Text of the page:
## § Heine Borel

• Theorem: closed bounded subset of $\R^n$ is compact
• We will prove it for $\R$ and leave the obvious generalization to the reader.
• Key idea: recall that for metric spaces, compactness and sequential compactness are equivalent, so the proof must follow some ideas from Bolzano Weirstrass (sequence in closed bounded set has convergent subsequence).
• Recall that that proof goes by bisection, so let's try to bisect some stuff!
• Also recall why this fails in infinite dimensions: you can bisect repeatedly in "all directions" and get volume (measure) to zero, without actually controlling the cardinality. There is no theorem that says "measure 0 = single point". So, the proof must rely on finite dimension and "trapping" a point.
• Take an interval, say $[0, 1]$ and take a cover $\mathcal C$. We want to extract a finite subcover.
• For now, suppose that the cover is made up only of open balls $B(x, \epsilon)$. We can always reduce a cover to a cover of open balls --- For each point $p \in X$ which is covered by $U_p$, take an open ball $B_p \equiv B(p, \epsilon_p) \subseteq U$. A finite subcover of the open balls $\{ B_p \}$ tells us which $U_p$ to pick from the original cover.
• Thus, we shall now assume that $C$ is only made up of epsilon balls of the form $C \equiv \{ B(p, \epsilon_p) \}$.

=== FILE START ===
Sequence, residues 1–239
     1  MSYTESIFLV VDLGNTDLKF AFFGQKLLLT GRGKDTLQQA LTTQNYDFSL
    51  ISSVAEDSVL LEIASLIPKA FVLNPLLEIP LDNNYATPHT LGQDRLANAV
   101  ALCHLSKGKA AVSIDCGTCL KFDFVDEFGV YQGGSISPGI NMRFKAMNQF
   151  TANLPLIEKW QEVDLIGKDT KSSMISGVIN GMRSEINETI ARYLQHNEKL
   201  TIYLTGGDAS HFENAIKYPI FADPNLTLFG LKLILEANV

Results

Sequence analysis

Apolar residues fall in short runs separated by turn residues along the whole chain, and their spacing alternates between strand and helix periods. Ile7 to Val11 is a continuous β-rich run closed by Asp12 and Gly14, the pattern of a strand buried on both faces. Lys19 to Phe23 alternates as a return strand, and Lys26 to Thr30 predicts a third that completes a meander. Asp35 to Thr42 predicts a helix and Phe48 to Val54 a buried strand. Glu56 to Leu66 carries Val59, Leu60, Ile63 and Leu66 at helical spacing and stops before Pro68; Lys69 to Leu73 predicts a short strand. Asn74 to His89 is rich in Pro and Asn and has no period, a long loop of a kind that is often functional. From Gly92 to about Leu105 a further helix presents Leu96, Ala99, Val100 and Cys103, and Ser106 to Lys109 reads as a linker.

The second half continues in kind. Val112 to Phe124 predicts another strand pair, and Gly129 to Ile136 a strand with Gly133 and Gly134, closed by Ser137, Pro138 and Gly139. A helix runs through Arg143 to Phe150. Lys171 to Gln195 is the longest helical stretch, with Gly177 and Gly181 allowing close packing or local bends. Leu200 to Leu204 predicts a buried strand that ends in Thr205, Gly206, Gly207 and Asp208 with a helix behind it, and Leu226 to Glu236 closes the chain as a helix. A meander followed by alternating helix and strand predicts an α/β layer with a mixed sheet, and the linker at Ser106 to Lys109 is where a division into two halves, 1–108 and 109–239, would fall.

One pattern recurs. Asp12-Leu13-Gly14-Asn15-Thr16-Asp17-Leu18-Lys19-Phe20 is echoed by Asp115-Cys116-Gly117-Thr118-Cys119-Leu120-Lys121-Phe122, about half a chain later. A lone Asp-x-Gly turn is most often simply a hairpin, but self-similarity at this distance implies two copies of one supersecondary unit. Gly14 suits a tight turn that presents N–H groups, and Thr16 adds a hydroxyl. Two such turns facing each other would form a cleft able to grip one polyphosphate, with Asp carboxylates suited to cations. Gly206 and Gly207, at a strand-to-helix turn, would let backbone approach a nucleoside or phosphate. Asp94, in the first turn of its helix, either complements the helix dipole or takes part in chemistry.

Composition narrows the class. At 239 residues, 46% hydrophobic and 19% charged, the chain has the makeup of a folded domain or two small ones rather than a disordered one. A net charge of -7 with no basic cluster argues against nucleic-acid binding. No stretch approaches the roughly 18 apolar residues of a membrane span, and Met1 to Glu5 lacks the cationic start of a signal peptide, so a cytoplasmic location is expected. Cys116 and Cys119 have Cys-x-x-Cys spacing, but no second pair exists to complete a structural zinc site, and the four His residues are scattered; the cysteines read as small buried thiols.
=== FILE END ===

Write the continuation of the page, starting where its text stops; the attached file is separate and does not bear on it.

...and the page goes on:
• If $C$ has a finite subcover, we are done.
• Suppose $C$ has no finite subcover. We will show that this leads to a contradiction.
• Since we have no finite subcover, it must be the case that at $I_0$, there are an infinite number of balls $\{ B \}$. Call this cover of infinite balls $C_0$.
• Now, let the interval $I_1$ be whichever of $[0, 1/2]$ or $[1/2, 1]$ that has infinitely many balls from $C_0$. One of the two intervals must have infinite many balls from $C_0$, for otherwise $C_0$ would be finite, a contradiction. Let $C_1$ be the cover of $I_1$ by taking balls from $C_0$ that lie in $I_1$.
• Repeat the above for $I_1$. This gives us a sequence of nested intervals $\dots \subset I_2 \subset I_1 \subset I_0$, as well as nested covers $\dots \subset C_2 \subset C_1 \subset C_0$.
• For each $i$, pick any epsilon ball $B_i(p_i, \epsilon_i) \in C_i$. This gives us a sequence of centers of balls $\{ p_i \}$. These centers must have a coverging subsequence $\{ q_i \}$ (by bolzano weirstrass) which converges to a limit point $L$.
• Take the ball $B_L \equiv (L, \epsilon_L) \in C$ which covers the limit point $L$.
• Since the sequence $\{ q_i \}$ is cauchy, for $\epsilon_L$, there must exist a natural $N$ such that for all $n \geq N$, the points $\{ q_n : n \geq N \} \subseteq B_L$.
• Thus, we only have finitely many points, $q_{\leq n}$ to cover. Cover each of these by their own ball.
• We have thus successfully found a covering for the full sequence!